Time is the source of value creation, so value investors value the need for patience.

  1. Charlie Munger has emphasized, “What you need is not a lot of action, but a lot of patience”
  2. Peter Lynch wrote in his book One Up The Wall Street, ” It takes remarkable patience to hold on to a stock in a company that excites you, but which everybody else seems to ignore. You begin to think everybody else is right and you are wrong. But where the fundamentals are promising, patience is often rewarded “
  3. Hillhouse Capital founder Zhang Lei wrote in “Value”: “Investment is an exciting business, but investors must not be excited all the time. Every outstanding investor has a rare quality, that is, extraordinary patience.”

Patience is that important, yet it seems unachievable to most investors.

Graham once commented that the most successful value investor must have a strong sense of corporate research and valuation, sufficient patience, strict self-discipline, perfect sensitivity analysis capabilities, a pragmatic thinking attitude, and long-term accumulated investment experience.

To a large extent, patience stems from solid research and analysis, pragmatic thinking, and long-term accumulated investment experience. Without these, patience is like a mirror, but you can see it but you can’t grasp it.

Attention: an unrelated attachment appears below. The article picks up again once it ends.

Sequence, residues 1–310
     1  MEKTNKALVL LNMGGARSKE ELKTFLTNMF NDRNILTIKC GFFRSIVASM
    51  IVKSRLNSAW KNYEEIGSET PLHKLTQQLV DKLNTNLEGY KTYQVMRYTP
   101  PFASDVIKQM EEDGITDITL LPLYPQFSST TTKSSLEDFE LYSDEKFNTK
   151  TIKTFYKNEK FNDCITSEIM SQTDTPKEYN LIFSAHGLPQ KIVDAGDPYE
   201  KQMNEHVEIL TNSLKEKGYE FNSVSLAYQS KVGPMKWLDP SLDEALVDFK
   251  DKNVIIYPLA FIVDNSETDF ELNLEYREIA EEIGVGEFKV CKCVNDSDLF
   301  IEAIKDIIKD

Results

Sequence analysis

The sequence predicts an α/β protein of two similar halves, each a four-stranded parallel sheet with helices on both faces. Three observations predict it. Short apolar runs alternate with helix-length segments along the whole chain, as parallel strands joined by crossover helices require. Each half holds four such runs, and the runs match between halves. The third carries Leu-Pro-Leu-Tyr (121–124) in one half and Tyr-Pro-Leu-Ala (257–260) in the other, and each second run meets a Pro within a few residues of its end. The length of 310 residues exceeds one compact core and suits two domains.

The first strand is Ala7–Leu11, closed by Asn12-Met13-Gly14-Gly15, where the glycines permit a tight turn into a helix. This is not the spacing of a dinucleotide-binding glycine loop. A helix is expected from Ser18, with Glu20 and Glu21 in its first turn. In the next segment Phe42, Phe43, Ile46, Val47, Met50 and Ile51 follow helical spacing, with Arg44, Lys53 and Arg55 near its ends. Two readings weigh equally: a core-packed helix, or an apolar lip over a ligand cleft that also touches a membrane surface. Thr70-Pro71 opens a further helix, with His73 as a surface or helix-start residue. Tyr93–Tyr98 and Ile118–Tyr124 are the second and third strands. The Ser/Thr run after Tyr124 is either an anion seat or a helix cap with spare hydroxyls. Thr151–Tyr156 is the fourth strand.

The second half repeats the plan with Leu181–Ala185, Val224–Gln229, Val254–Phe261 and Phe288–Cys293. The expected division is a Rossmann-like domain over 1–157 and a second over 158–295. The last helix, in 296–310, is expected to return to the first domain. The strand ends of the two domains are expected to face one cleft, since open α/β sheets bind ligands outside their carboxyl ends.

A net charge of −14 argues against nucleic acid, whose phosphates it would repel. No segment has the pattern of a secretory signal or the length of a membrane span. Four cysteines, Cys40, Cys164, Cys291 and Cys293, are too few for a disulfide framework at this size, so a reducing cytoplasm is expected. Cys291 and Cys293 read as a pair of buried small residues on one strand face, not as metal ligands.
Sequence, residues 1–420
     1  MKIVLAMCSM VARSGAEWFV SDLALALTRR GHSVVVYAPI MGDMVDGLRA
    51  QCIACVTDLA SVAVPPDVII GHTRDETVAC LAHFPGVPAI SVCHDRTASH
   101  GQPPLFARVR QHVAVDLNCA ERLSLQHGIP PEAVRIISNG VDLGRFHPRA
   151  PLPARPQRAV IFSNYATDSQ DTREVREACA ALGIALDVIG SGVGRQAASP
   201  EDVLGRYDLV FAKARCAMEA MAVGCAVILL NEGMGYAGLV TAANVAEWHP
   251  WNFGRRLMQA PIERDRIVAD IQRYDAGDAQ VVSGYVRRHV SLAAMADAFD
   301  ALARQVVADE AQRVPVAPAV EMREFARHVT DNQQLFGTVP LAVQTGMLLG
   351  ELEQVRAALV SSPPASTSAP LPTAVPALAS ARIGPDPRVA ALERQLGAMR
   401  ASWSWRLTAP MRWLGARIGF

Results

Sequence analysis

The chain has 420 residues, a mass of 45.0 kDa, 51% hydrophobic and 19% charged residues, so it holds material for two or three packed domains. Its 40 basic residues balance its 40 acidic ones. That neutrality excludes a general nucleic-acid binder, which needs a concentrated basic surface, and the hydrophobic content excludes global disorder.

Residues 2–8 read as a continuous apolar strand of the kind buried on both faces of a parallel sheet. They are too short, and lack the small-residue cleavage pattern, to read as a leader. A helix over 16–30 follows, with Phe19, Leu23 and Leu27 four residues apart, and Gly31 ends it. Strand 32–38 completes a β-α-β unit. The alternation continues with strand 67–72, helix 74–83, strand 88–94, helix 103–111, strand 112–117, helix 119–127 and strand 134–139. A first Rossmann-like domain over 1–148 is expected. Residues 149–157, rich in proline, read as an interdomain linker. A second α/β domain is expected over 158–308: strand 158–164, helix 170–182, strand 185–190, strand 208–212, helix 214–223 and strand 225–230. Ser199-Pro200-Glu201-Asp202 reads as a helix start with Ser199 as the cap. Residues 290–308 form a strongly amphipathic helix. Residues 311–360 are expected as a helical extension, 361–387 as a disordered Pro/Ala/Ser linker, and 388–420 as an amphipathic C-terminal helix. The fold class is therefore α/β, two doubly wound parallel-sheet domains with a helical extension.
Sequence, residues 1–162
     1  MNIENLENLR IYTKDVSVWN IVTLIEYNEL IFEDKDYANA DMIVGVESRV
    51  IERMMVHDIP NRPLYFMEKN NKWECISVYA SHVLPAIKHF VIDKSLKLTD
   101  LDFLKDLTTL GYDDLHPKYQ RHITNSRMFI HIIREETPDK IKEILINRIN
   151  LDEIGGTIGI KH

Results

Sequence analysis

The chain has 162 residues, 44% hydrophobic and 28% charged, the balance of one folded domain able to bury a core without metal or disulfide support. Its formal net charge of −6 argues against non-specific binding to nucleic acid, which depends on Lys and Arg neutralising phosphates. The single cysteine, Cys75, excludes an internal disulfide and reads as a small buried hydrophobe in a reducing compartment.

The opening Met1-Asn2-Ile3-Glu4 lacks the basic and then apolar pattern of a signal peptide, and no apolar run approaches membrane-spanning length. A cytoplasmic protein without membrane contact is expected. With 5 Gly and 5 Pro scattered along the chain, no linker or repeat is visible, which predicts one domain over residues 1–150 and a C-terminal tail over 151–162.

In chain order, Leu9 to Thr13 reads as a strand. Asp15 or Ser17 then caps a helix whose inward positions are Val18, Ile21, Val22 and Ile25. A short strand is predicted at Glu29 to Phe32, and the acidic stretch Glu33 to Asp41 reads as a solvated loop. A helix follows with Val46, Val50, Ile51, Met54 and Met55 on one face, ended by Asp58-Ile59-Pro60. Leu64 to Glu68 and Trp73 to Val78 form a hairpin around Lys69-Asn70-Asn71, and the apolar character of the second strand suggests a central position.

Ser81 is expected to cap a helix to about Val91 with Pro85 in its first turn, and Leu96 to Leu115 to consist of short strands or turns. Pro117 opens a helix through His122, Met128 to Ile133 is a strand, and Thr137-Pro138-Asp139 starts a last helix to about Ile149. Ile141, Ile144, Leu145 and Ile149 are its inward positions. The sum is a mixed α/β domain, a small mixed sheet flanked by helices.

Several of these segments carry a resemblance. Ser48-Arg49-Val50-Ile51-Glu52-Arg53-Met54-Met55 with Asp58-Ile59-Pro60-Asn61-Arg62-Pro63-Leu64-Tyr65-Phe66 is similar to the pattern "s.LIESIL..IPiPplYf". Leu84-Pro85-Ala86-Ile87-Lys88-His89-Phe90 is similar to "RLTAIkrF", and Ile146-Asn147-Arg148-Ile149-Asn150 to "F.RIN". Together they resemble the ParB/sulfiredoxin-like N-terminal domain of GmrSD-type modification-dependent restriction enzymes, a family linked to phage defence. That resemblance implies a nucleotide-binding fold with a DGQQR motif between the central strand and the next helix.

Michael Goldberg, head of Berkshire Hathaway’s insurance business, once commented on Buffet’s buy and hold strategy: “Buffett is always fact-checking on what he hears. Is it reasonable? Is it wrong? There seems to be a computer in his head, constantly analyzing new information. He already has the experience and knowledge, yet he is still asking questions.”

Therefore, after investing in a stock, we must continue to challenge the our investment thesis. To ensure that there is no need to sell. From this perspective, patience in holding shares comes from the understanding of the business’s value. If you buy in haste, you will sell in haste.

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Why are you selling it early?